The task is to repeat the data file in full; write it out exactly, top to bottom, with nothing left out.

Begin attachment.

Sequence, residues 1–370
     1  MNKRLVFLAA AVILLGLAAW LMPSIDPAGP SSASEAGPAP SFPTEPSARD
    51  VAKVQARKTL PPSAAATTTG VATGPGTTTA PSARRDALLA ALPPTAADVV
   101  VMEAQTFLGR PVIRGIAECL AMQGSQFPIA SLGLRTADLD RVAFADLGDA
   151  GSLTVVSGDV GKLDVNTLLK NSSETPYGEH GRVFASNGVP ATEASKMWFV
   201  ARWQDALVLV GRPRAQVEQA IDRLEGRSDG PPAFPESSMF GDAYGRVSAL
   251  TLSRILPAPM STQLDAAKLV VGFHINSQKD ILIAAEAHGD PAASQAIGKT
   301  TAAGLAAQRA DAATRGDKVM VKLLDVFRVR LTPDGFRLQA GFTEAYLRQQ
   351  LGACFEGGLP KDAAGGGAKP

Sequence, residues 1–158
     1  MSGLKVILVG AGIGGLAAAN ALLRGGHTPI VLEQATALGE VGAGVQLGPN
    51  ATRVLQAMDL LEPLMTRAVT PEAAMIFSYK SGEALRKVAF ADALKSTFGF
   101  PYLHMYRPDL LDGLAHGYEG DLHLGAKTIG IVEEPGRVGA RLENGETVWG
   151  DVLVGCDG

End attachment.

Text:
Sequence, residues 1–370
     1  MNKRLVFLAA AVILLGLAAW LMPSIDPAGP SSASEAGPAP SFPTEPSARD
    51  VAKVQARKTL PPSAAATTTG VATGPGTTTA PSARRDALLA ALPPTAADVV
   101  VMEAQTFLGR PVIRGIAECL AMQGSQFPIA SLGLRTADLD RVAFADLGDA
   151  GSLTVVSGDV GKLDVNTLLK NSSETPYGEH GRVFASNGVP ATEASKMWFV
   201  ARWQDALVLV GRPRAQVEQA IDRLEGRSDG PPAFPESSMF GDAYGRVSAL
   251  TLSRILPAPM STQLDAAKLV VGFHINSQKD ILIAAEAHGD PAASQAIGKT
   301  TAAGLAAQRA DAATRGDKVM VKLLDVFRVR LTPDGFRLQA GFTEAYLRQQ
   351  LGACFEGGLP KDAAGGGAKP

Sequence, residues 1–158
     1  MSGLKVILVG AGIGGLAAAN ALLRGGHTPI VLEQATALGE VGAGVQLGPN
    51  ATRVLQAMDL LEPLMTRAVT PEAAMIFSYK SGEALRKVAF ADALKSTFGF
   101  PYLHMYRPDL LDGLAHGYEG DLHLGAKTIG IVEEPGRVGA RLENGETVWG
   151  DVLVGCDG